You can solve the problem quite easily by making attendance non-mandatory.
Once attendance is no longer mandatory, it is ethical and legitimate to have requirements for behavior in order to attend.

That's like saying that you can solve the problem of your bum looking big in those jeans by getting a butcher's knife and hacking off lumps of flesh.

It's technically true, but not a good a idea for practical reasons.
deanhills
Sounds like a fun religion to be in

I find the Pirate Dress quite hilarious. If all children can dress up like this, I'm sure life could be much more interesting for them at school along Patch Adams lines. If it is done in the right way it could be educational. Everyone can dress according to their own beliefs. Or according to a specific theme that they get to pick. I can imagine a few magic ponies as well. Twisted Evil
ocalhoun
Bikerman wrote:
No, I disagree. Society insists that children are educated for good reason. Many children might not choose to go to school, but we do not grant full rights to children and we accept that an education is necessary, therefore we allow compulsion. I think that is correct.

Now that universal school attendance is the socially accepted norm, (and now that anti-child labor laws have been passed) I don't think that making attendance compulsory is as needed as it once was.
Very few parents would choose to have their children not be educated at all.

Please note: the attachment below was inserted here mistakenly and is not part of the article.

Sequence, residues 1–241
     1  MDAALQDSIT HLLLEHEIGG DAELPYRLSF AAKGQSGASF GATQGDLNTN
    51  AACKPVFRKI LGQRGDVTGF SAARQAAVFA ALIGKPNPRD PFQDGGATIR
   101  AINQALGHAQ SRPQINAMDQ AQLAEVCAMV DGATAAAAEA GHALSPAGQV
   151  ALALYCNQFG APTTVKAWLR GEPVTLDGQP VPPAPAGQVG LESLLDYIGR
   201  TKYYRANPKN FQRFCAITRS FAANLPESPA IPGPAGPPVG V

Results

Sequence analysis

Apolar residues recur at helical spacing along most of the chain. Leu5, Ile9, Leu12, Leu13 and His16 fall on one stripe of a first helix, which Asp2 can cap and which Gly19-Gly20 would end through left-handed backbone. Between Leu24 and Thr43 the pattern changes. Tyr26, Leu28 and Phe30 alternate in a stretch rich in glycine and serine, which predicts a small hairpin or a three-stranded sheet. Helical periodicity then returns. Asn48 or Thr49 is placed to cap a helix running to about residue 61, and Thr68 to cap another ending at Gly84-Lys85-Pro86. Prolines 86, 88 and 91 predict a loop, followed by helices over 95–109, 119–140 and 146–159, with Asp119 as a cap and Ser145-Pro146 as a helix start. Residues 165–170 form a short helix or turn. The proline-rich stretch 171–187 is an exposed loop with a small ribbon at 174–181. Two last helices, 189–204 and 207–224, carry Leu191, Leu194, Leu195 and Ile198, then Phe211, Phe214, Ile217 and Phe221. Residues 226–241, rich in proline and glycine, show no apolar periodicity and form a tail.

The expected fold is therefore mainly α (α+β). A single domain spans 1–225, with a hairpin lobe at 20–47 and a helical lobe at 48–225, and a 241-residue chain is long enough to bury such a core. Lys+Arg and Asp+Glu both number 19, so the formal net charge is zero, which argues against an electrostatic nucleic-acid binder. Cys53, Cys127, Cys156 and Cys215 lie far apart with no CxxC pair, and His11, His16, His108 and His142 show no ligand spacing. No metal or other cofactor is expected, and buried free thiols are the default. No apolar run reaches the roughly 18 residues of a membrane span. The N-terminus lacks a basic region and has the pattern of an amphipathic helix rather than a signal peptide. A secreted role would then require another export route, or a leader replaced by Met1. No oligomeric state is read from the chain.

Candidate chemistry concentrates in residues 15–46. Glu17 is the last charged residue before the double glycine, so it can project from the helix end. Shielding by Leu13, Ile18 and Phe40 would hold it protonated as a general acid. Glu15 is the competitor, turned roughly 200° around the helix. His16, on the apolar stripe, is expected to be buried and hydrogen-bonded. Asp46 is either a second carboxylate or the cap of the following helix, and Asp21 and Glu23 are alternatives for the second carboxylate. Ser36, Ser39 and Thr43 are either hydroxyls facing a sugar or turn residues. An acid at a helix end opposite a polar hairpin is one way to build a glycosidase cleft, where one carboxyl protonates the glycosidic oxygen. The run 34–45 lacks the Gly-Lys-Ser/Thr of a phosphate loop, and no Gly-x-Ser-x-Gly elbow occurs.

(Many might send them to religious schools or home-school them instead, but this happens already under the current system.)

Ideally, education would be provided free for everybody, but required of nobody.
Bikerman
I don't agree. We already have significant numbers of parent who don't really give a damn about education - I meet many of them. If you remove the requirement for school you can bet that the education of their kids would suffer.
deanhills
ocalhoun wrote:
Ideally, education would be provided free for everybody, but required of nobody.
I agree with this. Times have changed. If children have a need for being educated, they will get educated. My sister is a teacher and she is doing voluntary teaching for children from very poor homes. They can't get to regular Government schools even if they wanted to as they live in remote areas. The immediate community identified families like that (along your charter suggestion lines Smile ), then asked my sister if she could start a little school. It is now a thriving project. But wow, the misery is unbelievable! It has been a very educational experience to her as well.
Nameless
Bikerman wrote:
I don't agree. We already have significant numbers of parent who don't really give a damn about education - I meet many of them. If you remove the requirement for school you can bet that the education of their kids would suffer.